At the best of times I’m prone to considering feminism and what I expect and get from life as a woman. Book Snob's recent post about these very subjects has set me of again, as has my polyester induced reading of ‘The Housewife’s Handbook’ – not I notice the householder’s handbook – like most manuals on domestic matters this book is aimed squarely at women.

Rachel’s comments fascinate me mostly because they closely reflect mine at a similar age, certainly closely enough to make me examine how and why they’ve developed. She’s also made me examine my life other the last year, as did some of the comments. I go through phases of domesticity, normally accompanied by some sort of book purchase – food, garden or flower arranging generally. They phase soon wears off although I’m vaguely interested in lots of the ‘domestic arts’ – anything which encourages or demands creativity really. If I feel myself getting down in mood I try and cook myself out of it, the combination of concentration on the task in hand, and the basic fact that if I follow the rules good results will follow is something I find tremendously soothing.


I suppose that most women feel that they are judged in some way on their housekeeping skills in my case mostly by my mother who is much more conscientious than I am and recently I have felt very answerable to her. My work situation being what it has I found myself in the really uncomfortable position of relying on my family for help again, I never considered myself as much of a career woman, or as being defined by my job, but until I lost it I didn’t realise how much financial independence meant to me. Job seeker is far below stay at home mum in the social scale. There are sound financial as well as emotional reasons to being a full time mum, as well as an implied choice.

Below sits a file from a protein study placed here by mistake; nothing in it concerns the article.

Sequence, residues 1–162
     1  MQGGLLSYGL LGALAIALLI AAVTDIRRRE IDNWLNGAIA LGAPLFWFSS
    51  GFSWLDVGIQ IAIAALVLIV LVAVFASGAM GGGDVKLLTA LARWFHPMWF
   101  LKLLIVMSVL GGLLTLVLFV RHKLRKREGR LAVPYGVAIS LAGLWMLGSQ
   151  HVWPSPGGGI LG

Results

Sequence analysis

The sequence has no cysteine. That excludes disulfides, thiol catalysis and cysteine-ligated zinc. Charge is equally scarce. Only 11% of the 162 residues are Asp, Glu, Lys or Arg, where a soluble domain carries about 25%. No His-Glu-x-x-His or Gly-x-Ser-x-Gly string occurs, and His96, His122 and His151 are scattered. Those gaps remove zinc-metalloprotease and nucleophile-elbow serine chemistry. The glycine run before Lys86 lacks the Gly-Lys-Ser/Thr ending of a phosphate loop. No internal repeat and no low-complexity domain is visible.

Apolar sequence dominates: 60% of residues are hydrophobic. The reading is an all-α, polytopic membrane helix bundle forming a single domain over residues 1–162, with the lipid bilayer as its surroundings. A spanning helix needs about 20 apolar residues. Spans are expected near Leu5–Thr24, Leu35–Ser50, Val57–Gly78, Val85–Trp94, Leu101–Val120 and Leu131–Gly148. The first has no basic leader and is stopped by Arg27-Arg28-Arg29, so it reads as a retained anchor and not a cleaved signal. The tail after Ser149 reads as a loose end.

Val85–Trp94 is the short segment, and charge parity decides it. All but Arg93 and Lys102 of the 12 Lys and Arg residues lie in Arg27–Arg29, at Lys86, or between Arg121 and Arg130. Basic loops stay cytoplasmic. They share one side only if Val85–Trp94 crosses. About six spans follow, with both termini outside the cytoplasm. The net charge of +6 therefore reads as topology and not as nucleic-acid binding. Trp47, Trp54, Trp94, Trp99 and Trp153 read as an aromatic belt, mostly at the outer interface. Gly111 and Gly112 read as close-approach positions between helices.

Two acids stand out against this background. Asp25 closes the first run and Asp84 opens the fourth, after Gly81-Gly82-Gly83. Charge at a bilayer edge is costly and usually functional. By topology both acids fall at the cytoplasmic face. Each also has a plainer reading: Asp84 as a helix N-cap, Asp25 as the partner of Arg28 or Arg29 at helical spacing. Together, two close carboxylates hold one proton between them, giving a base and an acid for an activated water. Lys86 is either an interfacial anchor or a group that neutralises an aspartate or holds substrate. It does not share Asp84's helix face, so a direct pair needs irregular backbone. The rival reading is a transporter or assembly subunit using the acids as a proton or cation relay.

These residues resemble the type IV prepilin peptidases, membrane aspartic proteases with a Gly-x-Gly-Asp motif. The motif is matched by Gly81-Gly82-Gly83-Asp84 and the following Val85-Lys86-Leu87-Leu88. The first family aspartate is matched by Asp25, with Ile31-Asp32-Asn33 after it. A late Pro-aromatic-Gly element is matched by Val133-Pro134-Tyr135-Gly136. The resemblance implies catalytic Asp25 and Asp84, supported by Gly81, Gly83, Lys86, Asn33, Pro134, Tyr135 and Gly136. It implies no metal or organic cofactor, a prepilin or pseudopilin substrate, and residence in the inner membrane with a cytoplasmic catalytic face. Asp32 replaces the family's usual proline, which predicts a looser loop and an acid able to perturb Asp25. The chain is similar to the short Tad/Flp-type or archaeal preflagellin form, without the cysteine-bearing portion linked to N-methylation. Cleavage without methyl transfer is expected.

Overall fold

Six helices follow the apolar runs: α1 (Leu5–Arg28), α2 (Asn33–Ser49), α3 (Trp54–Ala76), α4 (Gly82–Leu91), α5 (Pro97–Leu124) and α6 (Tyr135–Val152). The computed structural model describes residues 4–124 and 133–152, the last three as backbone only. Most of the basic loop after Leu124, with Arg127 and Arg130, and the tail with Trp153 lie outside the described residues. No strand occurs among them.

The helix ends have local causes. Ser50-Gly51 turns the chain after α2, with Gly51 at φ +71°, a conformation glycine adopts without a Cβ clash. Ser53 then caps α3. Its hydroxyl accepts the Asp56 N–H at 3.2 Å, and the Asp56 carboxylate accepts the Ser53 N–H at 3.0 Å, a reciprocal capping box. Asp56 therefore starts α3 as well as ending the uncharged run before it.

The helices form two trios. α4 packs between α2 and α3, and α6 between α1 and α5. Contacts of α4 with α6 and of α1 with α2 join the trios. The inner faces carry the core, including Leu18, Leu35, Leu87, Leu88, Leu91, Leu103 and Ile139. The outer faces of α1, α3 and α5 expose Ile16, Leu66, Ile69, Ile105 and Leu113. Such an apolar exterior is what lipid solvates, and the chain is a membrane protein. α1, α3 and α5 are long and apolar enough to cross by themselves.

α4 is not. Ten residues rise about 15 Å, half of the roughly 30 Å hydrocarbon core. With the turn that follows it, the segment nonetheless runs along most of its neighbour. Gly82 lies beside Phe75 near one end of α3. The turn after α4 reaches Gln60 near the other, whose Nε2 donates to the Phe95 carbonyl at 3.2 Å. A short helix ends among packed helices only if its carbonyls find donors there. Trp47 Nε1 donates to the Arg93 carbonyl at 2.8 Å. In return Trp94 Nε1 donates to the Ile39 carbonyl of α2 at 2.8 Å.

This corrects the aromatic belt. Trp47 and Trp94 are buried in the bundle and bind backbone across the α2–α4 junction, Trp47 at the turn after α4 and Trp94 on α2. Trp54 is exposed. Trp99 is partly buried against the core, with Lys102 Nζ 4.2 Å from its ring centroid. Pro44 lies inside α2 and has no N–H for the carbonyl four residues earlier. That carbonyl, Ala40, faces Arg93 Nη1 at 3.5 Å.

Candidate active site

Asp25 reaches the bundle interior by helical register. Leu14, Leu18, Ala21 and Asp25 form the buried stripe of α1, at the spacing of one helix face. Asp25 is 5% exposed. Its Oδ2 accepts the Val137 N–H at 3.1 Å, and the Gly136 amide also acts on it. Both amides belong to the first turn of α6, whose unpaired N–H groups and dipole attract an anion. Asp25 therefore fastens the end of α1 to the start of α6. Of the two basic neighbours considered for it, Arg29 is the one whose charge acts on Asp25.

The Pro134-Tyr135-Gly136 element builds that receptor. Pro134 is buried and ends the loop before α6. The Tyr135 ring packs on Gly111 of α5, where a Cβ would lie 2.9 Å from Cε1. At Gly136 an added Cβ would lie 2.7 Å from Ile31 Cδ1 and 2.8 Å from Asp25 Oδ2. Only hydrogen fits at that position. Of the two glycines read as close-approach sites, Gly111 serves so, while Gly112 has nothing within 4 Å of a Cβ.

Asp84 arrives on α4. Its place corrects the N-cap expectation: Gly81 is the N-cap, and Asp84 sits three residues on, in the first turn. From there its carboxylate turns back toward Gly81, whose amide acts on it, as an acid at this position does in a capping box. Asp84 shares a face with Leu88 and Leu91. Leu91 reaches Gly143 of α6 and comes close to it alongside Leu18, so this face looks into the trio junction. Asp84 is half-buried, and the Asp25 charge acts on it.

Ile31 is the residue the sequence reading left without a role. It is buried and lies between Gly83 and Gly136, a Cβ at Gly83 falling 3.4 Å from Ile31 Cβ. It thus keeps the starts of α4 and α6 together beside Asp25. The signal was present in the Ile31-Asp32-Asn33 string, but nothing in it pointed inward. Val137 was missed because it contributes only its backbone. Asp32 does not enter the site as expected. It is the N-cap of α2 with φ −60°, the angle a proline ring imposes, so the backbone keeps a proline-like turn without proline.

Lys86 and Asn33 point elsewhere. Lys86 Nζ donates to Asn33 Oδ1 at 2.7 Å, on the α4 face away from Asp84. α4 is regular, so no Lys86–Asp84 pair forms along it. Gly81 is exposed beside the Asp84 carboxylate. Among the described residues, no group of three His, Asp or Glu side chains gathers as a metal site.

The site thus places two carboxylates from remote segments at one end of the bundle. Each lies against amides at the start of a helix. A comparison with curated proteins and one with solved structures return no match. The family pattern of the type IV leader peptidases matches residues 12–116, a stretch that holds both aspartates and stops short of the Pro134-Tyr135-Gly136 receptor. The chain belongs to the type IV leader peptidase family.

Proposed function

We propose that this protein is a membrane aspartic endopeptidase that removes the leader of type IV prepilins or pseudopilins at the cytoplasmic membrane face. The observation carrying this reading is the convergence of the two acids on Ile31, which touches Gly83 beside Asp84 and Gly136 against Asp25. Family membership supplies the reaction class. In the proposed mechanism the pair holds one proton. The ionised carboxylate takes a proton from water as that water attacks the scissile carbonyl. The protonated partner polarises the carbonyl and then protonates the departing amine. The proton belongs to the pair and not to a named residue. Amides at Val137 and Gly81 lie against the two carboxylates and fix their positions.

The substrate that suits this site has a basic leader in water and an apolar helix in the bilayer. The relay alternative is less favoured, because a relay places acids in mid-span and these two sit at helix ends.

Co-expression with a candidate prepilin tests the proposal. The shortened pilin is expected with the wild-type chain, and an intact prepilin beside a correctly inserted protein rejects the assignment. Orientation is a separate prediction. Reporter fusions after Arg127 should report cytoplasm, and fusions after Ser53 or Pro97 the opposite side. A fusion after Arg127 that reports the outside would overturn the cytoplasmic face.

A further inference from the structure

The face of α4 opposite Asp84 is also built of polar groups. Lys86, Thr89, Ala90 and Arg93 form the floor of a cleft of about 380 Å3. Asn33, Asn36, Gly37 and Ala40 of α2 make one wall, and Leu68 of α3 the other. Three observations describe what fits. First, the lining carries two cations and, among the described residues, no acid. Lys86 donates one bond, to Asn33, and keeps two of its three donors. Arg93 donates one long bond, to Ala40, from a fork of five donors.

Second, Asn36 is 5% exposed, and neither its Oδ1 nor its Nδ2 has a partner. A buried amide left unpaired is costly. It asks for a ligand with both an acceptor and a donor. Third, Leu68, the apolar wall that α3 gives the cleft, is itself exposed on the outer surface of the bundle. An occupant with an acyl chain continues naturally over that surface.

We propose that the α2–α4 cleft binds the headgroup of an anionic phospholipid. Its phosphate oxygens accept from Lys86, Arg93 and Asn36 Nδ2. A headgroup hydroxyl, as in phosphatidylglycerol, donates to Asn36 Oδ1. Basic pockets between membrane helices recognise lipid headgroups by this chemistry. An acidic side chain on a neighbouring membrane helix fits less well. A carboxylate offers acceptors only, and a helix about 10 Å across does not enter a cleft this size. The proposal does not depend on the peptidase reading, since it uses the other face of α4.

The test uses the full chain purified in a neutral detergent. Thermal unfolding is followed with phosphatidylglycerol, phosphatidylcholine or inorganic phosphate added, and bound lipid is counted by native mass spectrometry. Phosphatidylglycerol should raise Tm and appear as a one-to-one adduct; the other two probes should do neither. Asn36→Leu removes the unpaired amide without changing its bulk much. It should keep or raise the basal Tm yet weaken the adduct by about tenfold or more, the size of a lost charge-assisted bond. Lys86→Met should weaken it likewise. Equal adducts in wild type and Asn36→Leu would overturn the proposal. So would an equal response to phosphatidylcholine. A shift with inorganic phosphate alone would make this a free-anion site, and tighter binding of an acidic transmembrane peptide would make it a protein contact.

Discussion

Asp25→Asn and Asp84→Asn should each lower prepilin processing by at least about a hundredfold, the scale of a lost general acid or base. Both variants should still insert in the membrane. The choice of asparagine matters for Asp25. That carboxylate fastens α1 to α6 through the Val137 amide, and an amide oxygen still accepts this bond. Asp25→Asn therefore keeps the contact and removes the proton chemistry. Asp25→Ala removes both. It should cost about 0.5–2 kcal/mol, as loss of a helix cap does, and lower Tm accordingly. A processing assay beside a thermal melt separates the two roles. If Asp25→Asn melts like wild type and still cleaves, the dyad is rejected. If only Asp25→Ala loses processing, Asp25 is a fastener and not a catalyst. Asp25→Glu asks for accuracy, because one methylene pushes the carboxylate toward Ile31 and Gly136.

Job seekers are short on choices so I feel we have to take control where we can find it, in my year of underemployment I baked and preserved, sewed, borrowed a garden, polished, started blogging – anything in fact to feel busy, useful and in control. Anything to have an answer for the question ‘What did you do today’. Apparently Nigella Lawson has a theory that people coming from a less secure or happy background are more likely to want to create domestic harmony in their adult lives. I tend to think she’s right, and I think it’s the general uncertainty of the times which makes a sanitised version of fifties domesticity so appealing today – it’s a game to play, but definitely a role that can be cast off at will for most of us.


I grew up with the idea that I could do or be anything with the result that at 35 I still haven’t made up my mind, but I do now know how important my independence is to me. However tiresome work can be, however much time is taken up by it, time which could be more enjoyably spent, it gives me the means to be myself. There were a lot of things I loved about having that time, but feeling that I had no control over what might happen next was not one of them. Of course one of the best things about being back at work is that I can buy more books...